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Not all wellness vacations are created equal. And, of course, the term means different things to different people. So, for the travel advisor, there’s an inherent dilemma to find the right fit for your client.

In the industry’s first glossary of definitions, the Wellness Tourism Association (WTA) defines a Wellness Vacation as Wellness Travel powered by a wellness-focused intention. Wellness Vacations/Holidays are typically self-directed with the traveler setting his or her own timetable and schedule. They may also include a Wellness Retreat.

As with many things in life that involve challenges, finding the right fit begins with asking the right questions. The answers you get will not only help you come to know your client better, it will help that client define and articulate their own needs and wants—making your job of finding something perfectly suited, inevitably easier.

Here, in random order, are 10 questions to ask someone looking for help in planning a Wellness Vacation:

  1. What is the goal or intent of a Wellness Vacation? A recent WTA survey—with responses from 2,566 participants—indicated the top three goals for a Wellness Vacation Plan were: 1. Overall, general reboot. 2. Time for self-reflection and 3. Meditation/Mental Health Break. A goal or intention could also be weight loss, learning how to cook and eat more healthfully, to begin a new “fit path” or simply to get away from day-to-day stress and simply “BE.”
  2. What is the one thing your wellness vacation MUST include? It could be anything and most everyone will have a different response. The number one response from survey respondents was healthy food options, followed by accessible nature and third by access to spa treatments.
  3. Do you prefer a guided and tightly scheduled program or something more casual and self-guided. Some clients will need advice and direction on kick-starting a healthy lifestyle. Others are using the vacation to maintain or promote the wellness lifestyle they already live. The overwhelming response from the survey was the desire for a self-guided program with plenty of options.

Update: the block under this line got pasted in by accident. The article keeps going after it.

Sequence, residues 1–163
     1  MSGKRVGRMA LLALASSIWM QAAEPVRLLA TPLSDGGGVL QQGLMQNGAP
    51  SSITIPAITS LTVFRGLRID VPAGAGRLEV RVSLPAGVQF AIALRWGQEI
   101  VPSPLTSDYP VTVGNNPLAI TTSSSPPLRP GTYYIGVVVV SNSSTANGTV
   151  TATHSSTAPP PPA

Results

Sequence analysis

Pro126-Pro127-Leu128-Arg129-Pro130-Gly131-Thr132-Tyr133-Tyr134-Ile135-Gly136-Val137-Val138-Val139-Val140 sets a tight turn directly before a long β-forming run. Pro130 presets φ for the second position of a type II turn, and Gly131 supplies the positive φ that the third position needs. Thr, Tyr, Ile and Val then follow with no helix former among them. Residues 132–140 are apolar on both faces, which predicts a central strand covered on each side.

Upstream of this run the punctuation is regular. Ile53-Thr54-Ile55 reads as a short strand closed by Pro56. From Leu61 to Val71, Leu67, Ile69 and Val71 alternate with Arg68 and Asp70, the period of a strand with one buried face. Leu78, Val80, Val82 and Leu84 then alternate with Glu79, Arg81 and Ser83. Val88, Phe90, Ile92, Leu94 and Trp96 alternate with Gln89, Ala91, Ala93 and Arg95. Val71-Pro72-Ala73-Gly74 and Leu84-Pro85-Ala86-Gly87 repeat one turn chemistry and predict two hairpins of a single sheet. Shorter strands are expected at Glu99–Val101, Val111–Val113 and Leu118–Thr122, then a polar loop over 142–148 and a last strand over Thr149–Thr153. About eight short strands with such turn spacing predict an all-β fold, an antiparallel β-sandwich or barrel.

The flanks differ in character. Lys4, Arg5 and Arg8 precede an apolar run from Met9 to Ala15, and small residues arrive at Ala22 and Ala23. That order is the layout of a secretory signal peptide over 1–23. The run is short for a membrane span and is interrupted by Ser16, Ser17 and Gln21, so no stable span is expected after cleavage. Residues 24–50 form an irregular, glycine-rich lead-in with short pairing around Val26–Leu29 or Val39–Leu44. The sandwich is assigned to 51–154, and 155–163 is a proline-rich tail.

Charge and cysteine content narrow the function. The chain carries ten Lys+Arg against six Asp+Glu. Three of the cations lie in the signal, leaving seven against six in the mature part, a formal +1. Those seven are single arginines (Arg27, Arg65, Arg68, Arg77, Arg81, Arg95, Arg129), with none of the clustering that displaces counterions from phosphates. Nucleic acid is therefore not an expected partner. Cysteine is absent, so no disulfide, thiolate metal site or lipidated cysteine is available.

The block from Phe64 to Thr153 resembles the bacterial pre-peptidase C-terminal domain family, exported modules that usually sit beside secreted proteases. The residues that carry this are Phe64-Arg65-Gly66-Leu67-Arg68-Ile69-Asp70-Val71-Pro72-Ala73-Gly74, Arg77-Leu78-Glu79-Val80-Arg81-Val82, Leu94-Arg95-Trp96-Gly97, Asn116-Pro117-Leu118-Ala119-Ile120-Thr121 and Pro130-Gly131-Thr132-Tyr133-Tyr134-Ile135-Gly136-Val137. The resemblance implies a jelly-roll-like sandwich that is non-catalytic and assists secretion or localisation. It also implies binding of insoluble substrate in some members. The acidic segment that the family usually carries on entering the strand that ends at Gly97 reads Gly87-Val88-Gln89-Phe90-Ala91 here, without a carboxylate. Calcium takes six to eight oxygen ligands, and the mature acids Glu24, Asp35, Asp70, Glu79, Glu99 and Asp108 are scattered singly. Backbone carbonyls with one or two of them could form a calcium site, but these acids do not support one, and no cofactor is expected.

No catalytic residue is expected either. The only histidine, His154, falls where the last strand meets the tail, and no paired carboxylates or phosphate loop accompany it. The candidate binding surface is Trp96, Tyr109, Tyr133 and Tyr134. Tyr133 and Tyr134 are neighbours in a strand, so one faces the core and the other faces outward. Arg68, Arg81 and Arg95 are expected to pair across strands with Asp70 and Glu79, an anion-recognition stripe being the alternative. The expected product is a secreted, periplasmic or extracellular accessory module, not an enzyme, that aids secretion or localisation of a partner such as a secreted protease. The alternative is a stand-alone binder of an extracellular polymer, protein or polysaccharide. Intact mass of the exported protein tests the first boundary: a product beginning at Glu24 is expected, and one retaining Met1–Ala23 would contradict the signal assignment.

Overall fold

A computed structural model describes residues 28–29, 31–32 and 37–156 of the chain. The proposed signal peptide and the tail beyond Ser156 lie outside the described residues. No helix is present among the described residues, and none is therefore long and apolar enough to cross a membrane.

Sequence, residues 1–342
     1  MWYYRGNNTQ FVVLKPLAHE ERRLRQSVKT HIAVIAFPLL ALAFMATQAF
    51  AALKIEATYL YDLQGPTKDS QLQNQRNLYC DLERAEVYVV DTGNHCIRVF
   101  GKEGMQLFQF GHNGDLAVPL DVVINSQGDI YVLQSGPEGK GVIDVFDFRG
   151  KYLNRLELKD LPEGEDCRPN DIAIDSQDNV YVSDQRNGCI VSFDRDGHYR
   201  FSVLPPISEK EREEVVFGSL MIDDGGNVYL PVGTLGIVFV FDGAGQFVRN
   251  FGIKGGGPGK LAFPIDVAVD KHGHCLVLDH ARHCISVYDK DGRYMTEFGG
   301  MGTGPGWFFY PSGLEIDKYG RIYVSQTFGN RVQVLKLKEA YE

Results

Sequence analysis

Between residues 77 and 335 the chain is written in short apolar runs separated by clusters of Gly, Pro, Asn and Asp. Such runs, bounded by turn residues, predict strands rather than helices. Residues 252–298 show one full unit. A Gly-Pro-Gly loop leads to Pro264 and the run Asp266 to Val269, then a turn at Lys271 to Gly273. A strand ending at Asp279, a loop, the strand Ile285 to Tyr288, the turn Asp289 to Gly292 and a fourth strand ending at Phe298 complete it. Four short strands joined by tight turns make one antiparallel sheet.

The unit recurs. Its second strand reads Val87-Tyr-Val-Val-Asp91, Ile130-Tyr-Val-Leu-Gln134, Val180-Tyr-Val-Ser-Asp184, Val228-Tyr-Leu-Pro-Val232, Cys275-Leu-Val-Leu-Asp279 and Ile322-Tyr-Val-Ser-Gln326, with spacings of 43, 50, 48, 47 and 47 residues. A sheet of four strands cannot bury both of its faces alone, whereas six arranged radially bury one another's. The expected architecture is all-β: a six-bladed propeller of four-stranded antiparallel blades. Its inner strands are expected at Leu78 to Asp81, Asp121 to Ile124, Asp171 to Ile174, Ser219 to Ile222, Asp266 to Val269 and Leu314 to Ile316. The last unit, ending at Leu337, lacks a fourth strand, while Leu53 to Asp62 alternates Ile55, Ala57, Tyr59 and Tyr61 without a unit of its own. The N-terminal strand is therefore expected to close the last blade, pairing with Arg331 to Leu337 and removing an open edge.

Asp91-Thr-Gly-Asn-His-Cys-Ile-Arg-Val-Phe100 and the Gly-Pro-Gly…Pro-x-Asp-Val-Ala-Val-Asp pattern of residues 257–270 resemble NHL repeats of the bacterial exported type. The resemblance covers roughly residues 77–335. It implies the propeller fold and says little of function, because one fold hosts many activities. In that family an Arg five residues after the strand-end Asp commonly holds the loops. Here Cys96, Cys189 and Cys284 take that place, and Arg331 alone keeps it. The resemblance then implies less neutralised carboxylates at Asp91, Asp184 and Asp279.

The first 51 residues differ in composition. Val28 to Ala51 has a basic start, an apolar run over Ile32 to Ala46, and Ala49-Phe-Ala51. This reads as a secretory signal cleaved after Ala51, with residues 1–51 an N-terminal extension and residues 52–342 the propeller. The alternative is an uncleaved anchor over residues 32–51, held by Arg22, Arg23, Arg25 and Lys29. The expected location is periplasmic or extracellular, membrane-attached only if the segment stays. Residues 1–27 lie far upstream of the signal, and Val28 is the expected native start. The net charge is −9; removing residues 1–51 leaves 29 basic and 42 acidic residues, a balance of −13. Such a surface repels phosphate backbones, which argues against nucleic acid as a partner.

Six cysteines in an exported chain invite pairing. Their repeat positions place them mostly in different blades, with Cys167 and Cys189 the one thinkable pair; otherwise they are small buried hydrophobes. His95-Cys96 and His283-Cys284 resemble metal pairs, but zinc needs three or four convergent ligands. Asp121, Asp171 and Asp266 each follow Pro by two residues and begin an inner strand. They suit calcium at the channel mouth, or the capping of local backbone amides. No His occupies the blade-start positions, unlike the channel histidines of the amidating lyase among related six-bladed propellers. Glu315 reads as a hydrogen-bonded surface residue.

4. On a scale of 1 to 10, how important is peace, quiet and nature to your wellness vacation? The answer may immediately rule out big, busy all-inclusive resorts or a city location.
  5. Do you want to have daily fitness and wellness lifestyle classes and lectures available to you?  Not all properties that claim to offer wellness will include these options so best to check with the properties if this is important to your client.
  6. What type of environment and accommodation is most conducive for you to relax and de-stress? Luxury hotel? Country inn? Cruise? Casual all-inclusive? Other?
  7. Are you interested in having on-site medical personal and wellness professionals (i.e. nutritionists, life coaches, chiropractors and other alternative and complementary therapy practitioners) available to you? 
  8. What is your preferred food choice? For instance, is the client on a special diet or looking for organic, vegan or gluten-free as their preferred food choice? Food is not only one of the cornerstones of wellness living but as our survey indicated healthy food options are the number one must have.
  9. Do you need a full-service spa or will an available massage therapist be enough? While spas continue to be important element for a wellness vacation they are not absolutely necessary. Some clients may demand a full-service spa, others may simply want access to a massage therapist. And, if traveling with a significant other, how important is the availability of a couples’ suite and couples’ lounge areas?
  10. Do you want to be surrounded by like-minded people? The response may suggest you want to avoid a honeymoon destination or a corporate or family resort in favor of a WTA-sanctioned Wellness Resort, Wellness Retreat, or a fitness-based excursion (i.e. cycling, hiking) or a meditation or yoga-focused program. In the WTA survey Solo To Be with the Like-Minded was the number one response to the question: “whom do you/would you prefer to travel with on a Wellness Vacation?”

Unlike most vacations, a wellness vacation is intensely personal. It begins with a specific wellness-related goal or intention, and a successful program allows the traveler to return having reached a set goal even if that goal was simply to take a first step.

Obviously, you will need to stay on top of the ever-expanding number of wellness vacation options available or be prepared to create something customized for your client. Either way, the answers to these questions will not only help you find or create the right fit for your client but will help build a relationship that will encourage him or her to return to you again for travel assistance.

Recommend magazine has partnered with the Wellness Tourism Association to bring you monthly columns to help travel advisors sell wellness travel. This column was written by Anne Dimon, founder/editor of—an online travel magazine for the wellness-minded—and president of the Wellness Tourism Association (WTA). For more information on TravelToWellness, visit and for more information on WTA, visit